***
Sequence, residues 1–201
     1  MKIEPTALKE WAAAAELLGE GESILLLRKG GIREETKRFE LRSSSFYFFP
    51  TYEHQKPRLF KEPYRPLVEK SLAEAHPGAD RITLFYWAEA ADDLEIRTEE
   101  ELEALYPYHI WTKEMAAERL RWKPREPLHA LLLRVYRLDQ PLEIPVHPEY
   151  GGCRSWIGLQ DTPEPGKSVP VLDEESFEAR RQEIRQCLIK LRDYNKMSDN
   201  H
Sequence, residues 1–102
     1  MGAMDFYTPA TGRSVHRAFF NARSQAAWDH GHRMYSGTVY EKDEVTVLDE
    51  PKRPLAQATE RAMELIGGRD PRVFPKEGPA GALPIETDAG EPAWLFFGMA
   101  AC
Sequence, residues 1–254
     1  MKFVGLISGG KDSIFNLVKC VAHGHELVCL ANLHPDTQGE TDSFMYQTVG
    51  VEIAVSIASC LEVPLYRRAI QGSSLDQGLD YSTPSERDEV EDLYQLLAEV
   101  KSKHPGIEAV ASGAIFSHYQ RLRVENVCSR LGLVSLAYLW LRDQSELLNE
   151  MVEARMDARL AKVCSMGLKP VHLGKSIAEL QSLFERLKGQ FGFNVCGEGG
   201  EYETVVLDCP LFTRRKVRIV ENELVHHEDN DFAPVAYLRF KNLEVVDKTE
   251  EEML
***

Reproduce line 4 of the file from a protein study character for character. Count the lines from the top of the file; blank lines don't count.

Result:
   101  ELEALYPYHI WTKEMAAERL RWKPREPLHA LLLRVYRLDQ PLEIPVHPEY